Reminder: Opinions expressed in the discussion forum do not necessarily reflect those of the owner or moderators.


Go Back   Trot.org Forums > Topics > Tack & Equipment Discussion

Reply
 
Thread Tools Display Modes
  #1  
Old 03-15-2012, 07:50 PM
luvtoshowcp luvtoshowcp is offline
Senior Member
 
Join Date: Sep 2009
Posts: 332
Gas Efficient Truck?

I am needing to buy a pick up truck for hauling my horse and aluminum 2
horse trailer, and also moving hay and shavings to the barn. Funds only allow for older used vehicle, but have mechanical friends willing to "vet check" it for me. My question for the large Trot audience is... With gas expected to keep going up has anyone ever hauled w/ a smaller pick-up? I'm wondering about the V6 Dakotas, S-10, or Ranger types.
Reply With Quote
Sponsored Links
  #2  
Old 03-15-2012, 10:28 PM
Blue Lady Blue Lady is offline
Member
 
Join Date: May 2009
Location: Lyles, TN
Posts: 55
Pick-ups for Hauling

If you were just planning to haul "stuff" (feed, shavings, etc.) a smaller pick-up would be fine. However, to pull a loaded horse trailer, even an aluminum one, you need a bigger truck with more power. I have a 2-horse aluminum Merhow that weighs about 1600 pounds empty. Add one or two 1,000 pound horses, some equipment, a driver, and a few hilly roads, and it's all my Dodge Ram 1500 Quad Cab V8 can handle. Admittedly, my truck is a 2002 and probably doesn't have the power a newer similar truck would have, but I don't think there would be that much difference. Additionally, pulling a loaded trailer with a truck smaller than the trailer invites problems with the weight and size of the trailer overpowering the weight and size of the truck in a quick maneuver, such as swerving suddenly. I don't think the savings of a few miles per gallon in gas would overcome the need for power and the safety of you and your horse.

Last edited by Blue Lady : 03-15-2012 at 10:37 PM.
Reply With Quote
  #3  
Old 03-16-2012, 12:23 PM
SaddlebredMom's Avatar
SaddlebredMom SaddlebredMom is offline
Senior Member
 
Join Date: Nov 2007
Location: Somewhere over the rainbow
Posts: 2,059
Quote:
Originally Posted by Blue Lady View Post
Additionally, pulling a loaded trailer with a truck smaller than the trailer invites problems with the weight and size of the trailer overpowering the weight and size of the truck in a quick maneuver, such as swerving suddenly. I don't think the savings of a few miles per gallon in gas would overcome the need for power and the safety of you and your horse.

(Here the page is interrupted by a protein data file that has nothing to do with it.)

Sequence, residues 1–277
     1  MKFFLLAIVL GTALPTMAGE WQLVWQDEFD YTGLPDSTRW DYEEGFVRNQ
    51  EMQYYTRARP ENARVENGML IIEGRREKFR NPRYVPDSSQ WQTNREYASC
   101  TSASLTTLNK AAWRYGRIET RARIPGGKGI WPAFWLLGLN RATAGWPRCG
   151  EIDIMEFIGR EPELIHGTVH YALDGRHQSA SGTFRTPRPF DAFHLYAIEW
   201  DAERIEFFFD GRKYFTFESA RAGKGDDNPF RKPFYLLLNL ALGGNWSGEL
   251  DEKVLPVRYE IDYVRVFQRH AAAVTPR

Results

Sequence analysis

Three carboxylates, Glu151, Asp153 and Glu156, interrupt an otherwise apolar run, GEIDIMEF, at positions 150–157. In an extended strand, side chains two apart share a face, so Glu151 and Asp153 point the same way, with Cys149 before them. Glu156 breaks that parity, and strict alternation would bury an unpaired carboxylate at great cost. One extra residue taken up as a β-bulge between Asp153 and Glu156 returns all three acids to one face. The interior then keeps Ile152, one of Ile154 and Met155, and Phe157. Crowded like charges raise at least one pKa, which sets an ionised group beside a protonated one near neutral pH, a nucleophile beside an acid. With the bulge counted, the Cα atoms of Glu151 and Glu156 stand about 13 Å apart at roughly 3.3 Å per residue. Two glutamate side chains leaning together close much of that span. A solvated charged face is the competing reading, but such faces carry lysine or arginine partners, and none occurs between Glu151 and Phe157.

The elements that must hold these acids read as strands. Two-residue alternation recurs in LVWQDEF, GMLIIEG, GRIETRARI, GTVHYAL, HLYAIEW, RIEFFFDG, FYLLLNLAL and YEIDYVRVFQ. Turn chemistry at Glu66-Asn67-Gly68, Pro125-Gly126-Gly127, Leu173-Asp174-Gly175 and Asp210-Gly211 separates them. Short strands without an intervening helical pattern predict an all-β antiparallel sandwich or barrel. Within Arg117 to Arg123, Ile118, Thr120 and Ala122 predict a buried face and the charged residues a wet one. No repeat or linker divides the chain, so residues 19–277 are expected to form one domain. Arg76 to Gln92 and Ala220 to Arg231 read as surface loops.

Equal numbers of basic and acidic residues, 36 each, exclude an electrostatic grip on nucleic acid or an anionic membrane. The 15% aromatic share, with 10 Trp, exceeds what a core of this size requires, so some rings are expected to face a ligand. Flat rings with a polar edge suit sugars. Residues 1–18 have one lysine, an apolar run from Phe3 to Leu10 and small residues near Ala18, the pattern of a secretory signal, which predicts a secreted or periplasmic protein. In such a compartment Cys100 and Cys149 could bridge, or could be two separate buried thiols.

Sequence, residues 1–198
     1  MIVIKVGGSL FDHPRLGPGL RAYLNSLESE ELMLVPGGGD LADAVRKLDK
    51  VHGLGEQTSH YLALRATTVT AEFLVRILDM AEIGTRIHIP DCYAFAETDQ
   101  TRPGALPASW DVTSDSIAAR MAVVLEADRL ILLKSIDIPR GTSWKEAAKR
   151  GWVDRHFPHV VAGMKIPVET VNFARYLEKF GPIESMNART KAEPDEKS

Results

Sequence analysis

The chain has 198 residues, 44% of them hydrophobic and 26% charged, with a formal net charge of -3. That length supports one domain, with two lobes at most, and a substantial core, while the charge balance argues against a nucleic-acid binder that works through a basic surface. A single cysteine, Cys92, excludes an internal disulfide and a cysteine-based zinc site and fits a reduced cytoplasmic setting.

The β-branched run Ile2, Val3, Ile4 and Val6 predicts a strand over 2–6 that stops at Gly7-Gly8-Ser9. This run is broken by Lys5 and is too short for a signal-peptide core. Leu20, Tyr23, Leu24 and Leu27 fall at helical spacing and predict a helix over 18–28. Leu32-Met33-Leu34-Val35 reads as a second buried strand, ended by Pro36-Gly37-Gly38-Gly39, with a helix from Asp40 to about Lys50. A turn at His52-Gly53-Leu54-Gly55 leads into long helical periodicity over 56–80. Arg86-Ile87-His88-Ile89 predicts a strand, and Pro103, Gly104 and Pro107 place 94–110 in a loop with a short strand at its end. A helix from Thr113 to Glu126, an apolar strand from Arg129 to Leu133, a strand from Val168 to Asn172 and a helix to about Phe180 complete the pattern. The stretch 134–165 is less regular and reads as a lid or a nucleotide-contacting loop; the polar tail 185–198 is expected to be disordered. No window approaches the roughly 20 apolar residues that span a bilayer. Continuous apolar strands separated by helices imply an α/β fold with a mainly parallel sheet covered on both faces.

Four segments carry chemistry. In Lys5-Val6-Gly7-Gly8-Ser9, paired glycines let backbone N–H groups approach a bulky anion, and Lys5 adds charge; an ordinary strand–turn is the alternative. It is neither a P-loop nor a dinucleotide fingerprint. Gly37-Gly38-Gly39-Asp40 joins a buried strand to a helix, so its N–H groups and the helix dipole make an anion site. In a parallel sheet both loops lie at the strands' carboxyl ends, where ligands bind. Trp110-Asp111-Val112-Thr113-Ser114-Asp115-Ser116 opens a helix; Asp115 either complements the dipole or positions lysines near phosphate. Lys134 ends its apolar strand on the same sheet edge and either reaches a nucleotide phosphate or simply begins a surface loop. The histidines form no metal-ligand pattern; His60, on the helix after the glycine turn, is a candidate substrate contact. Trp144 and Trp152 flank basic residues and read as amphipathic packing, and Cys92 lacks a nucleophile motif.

And problems with safe braking ability.
__________________
Be who you are and say what you feel, because those that mind donít matter, and those that matter donít mind.

"Horses don't care who you are, what you wear, what your hair looks like . . . all they care about is if you love them ĖĖ and when you do, they return it with unconditional love and days of happiness."
<(__~
<| <|


. See that? It's a grain of salt; take with posts as needed.
Reply With Quote
  #4  
Old 03-16-2012, 03:09 PM
Mona129's Avatar
Mona129 Mona129 is offline
Senior Member
 
Join Date: May 2009
Location: Harlansburg, PA
Posts: 1,416
I honestly don't know of any V6 equipped trucks that could safely pull and Stop a fully loaded two horse trailer. These women have given you spot on advice, listen to them. I was going to give the same advice.
__________________
Saddlebred Rescue, Inc - A Rescue Tale, Come Visit Us! Available Horses, CLICK HERE

See the horse in my Avatar? yup...THAT is a rescue!
Reply With Quote
  #5  
Old 03-16-2012, 03:27 PM
Thunderstruck's Avatar
Thunderstruck Thunderstruck is offline
Senior Member
 
Join Date: Nov 2007
Location: North Carolina
Posts: 664
Almost any vehicle can TOW a trailer. The thing you need to worry about is can it STOP the trailer? Even with trailer brakes you have to consider the possibility of those failing and needing to stop the load with only the truck.

My 2001 RAM 1500 with the V-8 Magnum can do it, BUT the gas mileage goes down to nothing when it does. If I had the money I'd be buying a larger truck and I wouldn't even think about pulling my horses with anything smaller.
Reply With Quote
  #6  
Old 03-17-2012, 08:40 AM
luvtoshowcp luvtoshowcp is offline
Senior Member
 
Join Date: Sep 2009
Posts: 332